The National Disaster Response Force and Indian army have been deployed to help with rescue operations. Meteorologists say intermittent rainfall is likely to continue throughout the week.

Alright, straight ahead on "CNN Newsroom," from passion to preservation, how one man is planting seeds for richer and more diverse food system? Stay with us.



BRUNHUBER: One gardener in the U.K. is following his passion to conserve what remains. Adam Alexander collects, grows and saves endangered vegetables.

In this addition of CNN's "Going Green," we take a look at how this horticulturist is refining our relationship with food.


UNKNOWN: In his garden in the Welsh countryside, Adam Alexander takes pride in each vegetable he grows.

ADAM ALEXANDER, HORTICULTURIST: I love communing with my veggies. They come from all over the world.

UNKNOWN: Adam is a self-proclaimed seed detective, and these are some of the crop varieties he has collected over the course of three decades.

ALEXANDER: A seed detective is someone who goes looking after and caring for rare and endangered varieties of edible crops.

UNKNOWN: His most prized possessions are hidden from view.

ALEXANDER: This is my garage and in it I have a couple of fridge where I keep 493 varieties of vegetables. I call them my art. Ninety six come from the Heritage Seed Library. This is pasque. It is a 19th century radish from France, and then this is the Mathania chilli, which was believed to have gone extinct, but which I was fortunate enough to be able to rediscover it.

UNKNOWN: Adam is a part of the network of Seed Guardians, specialty growers from the British charity, Garden Organic. And their Heritage Seed Library, a living seed bank that aims to preserve the diversity of heritage crops.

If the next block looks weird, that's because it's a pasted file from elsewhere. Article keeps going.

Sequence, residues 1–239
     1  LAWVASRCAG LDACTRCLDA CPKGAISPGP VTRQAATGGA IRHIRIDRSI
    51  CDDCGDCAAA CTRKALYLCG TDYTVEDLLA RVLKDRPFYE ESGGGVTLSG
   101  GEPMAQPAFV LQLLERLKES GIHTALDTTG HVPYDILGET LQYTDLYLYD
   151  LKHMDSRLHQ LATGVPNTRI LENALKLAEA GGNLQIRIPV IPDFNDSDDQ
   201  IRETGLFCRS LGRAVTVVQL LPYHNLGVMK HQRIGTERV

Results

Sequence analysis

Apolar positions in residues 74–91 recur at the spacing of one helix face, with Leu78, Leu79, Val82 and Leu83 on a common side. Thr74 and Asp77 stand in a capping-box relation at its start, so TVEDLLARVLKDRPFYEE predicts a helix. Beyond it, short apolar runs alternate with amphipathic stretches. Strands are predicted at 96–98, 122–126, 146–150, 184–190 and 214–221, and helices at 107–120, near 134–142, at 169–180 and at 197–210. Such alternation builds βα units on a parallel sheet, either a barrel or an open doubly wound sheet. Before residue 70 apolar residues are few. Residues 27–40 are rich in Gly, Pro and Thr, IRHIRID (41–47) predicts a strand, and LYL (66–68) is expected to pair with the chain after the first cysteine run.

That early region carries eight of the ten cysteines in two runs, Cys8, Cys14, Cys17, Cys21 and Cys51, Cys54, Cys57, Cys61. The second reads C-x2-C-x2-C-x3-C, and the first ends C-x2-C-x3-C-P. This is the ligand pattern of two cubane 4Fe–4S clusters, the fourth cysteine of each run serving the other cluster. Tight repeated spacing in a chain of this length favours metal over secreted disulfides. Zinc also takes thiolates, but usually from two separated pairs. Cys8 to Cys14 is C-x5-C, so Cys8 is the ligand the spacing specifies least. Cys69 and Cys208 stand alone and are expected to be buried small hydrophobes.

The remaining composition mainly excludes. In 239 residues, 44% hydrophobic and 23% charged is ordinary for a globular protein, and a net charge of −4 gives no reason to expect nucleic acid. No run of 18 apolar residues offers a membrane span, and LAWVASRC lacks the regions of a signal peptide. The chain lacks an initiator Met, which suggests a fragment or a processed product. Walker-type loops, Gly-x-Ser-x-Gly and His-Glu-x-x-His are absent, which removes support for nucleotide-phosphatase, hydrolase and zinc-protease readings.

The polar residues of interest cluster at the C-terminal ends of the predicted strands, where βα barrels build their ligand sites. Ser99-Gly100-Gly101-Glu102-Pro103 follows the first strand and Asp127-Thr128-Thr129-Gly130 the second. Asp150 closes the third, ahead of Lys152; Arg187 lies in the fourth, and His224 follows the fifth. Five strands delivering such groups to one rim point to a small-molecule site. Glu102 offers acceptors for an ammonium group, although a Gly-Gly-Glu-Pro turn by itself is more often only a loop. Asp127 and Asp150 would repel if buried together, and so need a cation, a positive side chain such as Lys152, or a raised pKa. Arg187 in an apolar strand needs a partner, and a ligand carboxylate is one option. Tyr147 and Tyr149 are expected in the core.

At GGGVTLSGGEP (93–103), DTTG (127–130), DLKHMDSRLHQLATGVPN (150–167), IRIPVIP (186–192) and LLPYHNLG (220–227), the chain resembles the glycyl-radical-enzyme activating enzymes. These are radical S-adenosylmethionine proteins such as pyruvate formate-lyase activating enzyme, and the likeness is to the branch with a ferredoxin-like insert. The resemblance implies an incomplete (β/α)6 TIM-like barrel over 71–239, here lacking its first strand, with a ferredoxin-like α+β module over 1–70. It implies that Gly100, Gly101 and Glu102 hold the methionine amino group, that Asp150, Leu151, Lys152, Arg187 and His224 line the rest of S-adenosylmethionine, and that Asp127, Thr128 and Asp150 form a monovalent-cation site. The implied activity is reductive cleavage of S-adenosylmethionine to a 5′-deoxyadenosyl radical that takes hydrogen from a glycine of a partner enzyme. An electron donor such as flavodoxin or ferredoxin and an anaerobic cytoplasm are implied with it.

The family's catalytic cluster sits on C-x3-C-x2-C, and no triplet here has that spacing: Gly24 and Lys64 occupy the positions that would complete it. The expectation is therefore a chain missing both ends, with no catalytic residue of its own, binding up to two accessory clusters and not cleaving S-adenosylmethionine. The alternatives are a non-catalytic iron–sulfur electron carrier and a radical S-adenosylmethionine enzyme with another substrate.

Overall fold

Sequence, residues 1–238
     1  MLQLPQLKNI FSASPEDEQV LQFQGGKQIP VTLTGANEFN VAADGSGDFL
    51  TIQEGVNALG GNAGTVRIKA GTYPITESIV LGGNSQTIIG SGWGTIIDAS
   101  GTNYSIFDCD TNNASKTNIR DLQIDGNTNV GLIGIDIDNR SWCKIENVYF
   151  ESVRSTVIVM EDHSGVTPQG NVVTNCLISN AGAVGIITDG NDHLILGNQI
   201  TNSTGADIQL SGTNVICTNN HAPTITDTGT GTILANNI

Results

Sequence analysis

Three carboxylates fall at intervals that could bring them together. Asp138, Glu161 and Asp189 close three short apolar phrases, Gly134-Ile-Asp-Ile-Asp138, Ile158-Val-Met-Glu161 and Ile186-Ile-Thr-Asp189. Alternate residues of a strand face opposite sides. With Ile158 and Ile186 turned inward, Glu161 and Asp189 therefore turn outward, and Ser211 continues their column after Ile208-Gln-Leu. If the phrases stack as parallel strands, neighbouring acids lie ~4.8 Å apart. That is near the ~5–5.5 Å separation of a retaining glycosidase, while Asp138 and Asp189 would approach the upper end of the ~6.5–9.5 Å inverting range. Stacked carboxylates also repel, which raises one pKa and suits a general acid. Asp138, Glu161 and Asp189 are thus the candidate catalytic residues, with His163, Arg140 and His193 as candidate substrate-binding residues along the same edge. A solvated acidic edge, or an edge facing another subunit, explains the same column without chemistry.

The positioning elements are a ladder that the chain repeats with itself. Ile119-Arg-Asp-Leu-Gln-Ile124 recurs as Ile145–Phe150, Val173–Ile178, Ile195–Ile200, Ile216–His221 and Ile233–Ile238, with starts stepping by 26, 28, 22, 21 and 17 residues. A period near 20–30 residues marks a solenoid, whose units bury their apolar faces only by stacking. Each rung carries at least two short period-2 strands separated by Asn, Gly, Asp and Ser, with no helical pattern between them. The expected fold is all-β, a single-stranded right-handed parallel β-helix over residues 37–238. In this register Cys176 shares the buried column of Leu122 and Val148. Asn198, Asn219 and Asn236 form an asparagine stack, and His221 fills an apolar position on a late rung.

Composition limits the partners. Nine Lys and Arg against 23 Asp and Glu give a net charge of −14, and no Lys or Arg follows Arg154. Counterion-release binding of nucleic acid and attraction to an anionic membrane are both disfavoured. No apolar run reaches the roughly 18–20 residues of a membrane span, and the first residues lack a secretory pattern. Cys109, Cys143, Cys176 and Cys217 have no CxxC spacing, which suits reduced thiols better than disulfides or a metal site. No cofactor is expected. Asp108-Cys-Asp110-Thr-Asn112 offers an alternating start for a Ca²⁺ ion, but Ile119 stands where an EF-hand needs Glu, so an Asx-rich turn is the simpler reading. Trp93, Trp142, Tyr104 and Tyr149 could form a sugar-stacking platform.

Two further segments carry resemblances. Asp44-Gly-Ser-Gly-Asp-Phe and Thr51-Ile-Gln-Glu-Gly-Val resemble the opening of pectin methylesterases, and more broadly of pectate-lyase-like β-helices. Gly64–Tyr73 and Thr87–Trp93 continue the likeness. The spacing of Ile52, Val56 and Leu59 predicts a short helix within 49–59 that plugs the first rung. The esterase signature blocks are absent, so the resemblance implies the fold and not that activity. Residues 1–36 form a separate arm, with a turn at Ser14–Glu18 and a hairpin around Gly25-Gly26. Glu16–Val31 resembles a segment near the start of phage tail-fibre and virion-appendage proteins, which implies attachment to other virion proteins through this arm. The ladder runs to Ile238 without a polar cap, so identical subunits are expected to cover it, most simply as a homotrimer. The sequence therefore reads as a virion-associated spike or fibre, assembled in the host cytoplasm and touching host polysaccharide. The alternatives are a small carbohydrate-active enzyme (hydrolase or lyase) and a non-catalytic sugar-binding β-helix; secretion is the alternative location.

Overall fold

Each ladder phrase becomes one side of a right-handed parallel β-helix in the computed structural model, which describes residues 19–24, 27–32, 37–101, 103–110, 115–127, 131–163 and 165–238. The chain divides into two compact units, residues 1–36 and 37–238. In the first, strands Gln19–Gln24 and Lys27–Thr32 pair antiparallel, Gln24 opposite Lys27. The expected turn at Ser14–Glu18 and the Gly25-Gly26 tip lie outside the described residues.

ALEXANDER: It is a sort of receptacle for all these sort of forgotten, ex-commercial varieties of seeds and heritage and heirloom varieties. Like a book, I will borrow that seed, I will grow it out and then I will return it for members to share, but also to be able to be retained forever in a day.

UNKNOWN: It counts a member of the British Royal Family as its patron.

ALEXANDER: I like to think that I'm in good company, Prince Charles, I think probably is about as obsessed as I am in growing and saving rare and delicious and unusual varieties.

UNKNOWN: Adam's efforts as a seed guardian highlight the importance of gene diversity in our crops, planting the seeds for a richer, more diverse and resilient food system.

ALEXANDER: As soon as you put some seeds in the ground, and even if it is just to grow some basil or some parsley on your windowsill, suddenly you have a connection, a direct connection with that thing that you are going to put into your tummy, and then you are on a journey that can take you to wherever you want it to take you in terms of your relationship with food.


BRUNHUBER: Well, I'm Kim Brunhuber, thanks so much for watching. "World Sport" with Patrick Snell is up next with the latest from Tokyo.